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Local News

  • Gypsy moths being fought in Roane

    State and federal officials are teaming together to take on a soft-bellied, delicate but tough enemy.
     The Tennessee Department of Agriculture, in cooperation with the U.S. Forest Service, is planning to eradicate gypsy moth infestations in Roane, Bledsoe and Cumberland counties.
    The 53-acre-area affected in Roane is around the Philadelphia community near the Meigs County line.
    Public informational meetings will be held for area residents who would like information about this forest health issue and the treatment plan.

  • Stillman punishment extended 3 years

    STAFF REPORTS
    A former Roane County attorney's year-long suspension was extended by three years this month by the Tennessee Supreme Court.
    A news release from the Board of Professional Responsibility of the Supreme Court of Tennessee said that Kathy B. Stillman, Knoxville, will have to pay $875 in restitution to a client and be surpervised by a practice monitor for six months as a condition to her reinstatement.
    The board release said that Stillman violated disciplinary rules by abandoning a case and failing to respond to the board.

  • New EPA proposals for mercury emissions

    In response to a court deadline, the U.S. Environmental Protection Agency has proposed the first-ever national standards for mercury, arsenic and other toxic air pollution from power plants.  

  • Long winter has trashy impact

    After a long, desolate winter, many of Roane County’s litter-strewn roadways should begin looking cleaner again.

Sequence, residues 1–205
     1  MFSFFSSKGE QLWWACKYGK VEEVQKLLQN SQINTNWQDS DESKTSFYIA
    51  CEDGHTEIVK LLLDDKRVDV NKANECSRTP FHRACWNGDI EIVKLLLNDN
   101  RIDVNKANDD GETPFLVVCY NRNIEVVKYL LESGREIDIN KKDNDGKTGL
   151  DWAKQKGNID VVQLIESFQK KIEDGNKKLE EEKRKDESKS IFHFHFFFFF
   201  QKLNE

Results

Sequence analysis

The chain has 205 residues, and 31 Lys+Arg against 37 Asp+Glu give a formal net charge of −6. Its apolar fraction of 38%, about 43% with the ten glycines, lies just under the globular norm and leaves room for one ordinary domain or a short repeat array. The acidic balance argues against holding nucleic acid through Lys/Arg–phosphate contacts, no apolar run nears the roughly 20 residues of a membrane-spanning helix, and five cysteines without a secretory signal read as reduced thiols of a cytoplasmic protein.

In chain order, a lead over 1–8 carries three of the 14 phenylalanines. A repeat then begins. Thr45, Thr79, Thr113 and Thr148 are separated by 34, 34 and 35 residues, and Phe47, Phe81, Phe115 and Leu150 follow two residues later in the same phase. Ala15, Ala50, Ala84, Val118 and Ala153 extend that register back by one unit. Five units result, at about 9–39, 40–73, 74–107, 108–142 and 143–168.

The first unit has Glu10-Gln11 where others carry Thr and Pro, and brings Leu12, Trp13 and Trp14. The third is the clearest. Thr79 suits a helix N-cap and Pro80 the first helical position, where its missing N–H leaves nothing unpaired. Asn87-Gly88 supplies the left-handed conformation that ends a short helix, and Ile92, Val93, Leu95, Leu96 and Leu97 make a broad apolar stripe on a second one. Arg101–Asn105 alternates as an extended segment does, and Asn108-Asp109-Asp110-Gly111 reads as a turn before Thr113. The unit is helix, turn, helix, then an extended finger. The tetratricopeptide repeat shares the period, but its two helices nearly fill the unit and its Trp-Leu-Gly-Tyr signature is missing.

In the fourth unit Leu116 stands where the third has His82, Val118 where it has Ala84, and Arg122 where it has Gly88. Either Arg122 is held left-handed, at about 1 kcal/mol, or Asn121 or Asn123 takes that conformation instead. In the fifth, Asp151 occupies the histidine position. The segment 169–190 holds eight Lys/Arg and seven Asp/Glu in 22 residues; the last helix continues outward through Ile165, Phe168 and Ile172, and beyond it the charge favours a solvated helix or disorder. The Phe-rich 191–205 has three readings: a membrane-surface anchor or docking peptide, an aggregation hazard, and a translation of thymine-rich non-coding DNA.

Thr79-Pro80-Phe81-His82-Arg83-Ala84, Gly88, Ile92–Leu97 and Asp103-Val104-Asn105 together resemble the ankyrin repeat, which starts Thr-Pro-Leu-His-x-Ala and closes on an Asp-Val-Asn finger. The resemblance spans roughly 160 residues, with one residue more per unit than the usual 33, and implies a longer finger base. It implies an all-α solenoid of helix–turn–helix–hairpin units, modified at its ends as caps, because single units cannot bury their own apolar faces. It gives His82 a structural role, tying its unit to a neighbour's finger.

Carelessly tossed trash — especially along some of the county’s busiest roadways — was especially noticeable this winter.

    A few weeks ago, roads leading to Whitestone Inn, one of Roane County’s most luxurious resorts, were an embarrassment of beer cans, soda bottles and fast-food bags and boxes.

    Now that fair weather has arrived, officials said that situation will change across the county.

  • Census data show 4 percent population growth for county

    Roane County grew by 2,271 people over the past decade, according to figures from the 2010 Census.

    The data, released this week, shows Roane County with a population of 54,181.

    That represents an increase of 4.4 percent from 2000.

    Loudon County had the biggest growth of any nearby county. The population there increased 24.2 percent over the last decade.

  • Lawyer Mike Ritter is reinstated

    Oak Ridge attorney Mike Ritter has been reinstated to practice law by order of the Tennessee Supreme Court.

    Ritter was temporarily suspended by the court on Jan. 31.

    According to the Board of Professional Responsibility, the suspension stemmed from his failure to respond to the board about a complaint of misconduct.

    Ritter couldn’t be reached on Thursday, but he vehemently denied any wrongdoing when asked about the allegations last month.

  • Father-son moment
  • Pushing for Bowers
  • Commissioners growl over Hurley's Tiger Haven bill inaction

    Roane County Commissioners passed a motion Monday night that requests Republican state Rep. Julia Hurley to appear before them to explain why she didn’t file a bill on their behalf.

    The commission voted 15-0 in January to request that the Tennessee General Assembly adopt a law to require tracking devices for animals housed at Tiger Haven.

    State Sen. Ken Yager sponsored the bill in the Senate. Hurley did not sponsor it in the House.

  • Adult business regulations adopted

    If someone wants to open an adult business in Roane County, they now have some regulations to follow. The Roane County Commission amended its zoning Monday night to put the rules in place.  

    The county defines an adult-oriented business as one in which at least 30 percent of the floor stock merchandise is oriented toward the adult population and appeals to prurient interests. Such merchandise, the rules state, generally depicts male or female genitalia, breasts and sexual acts.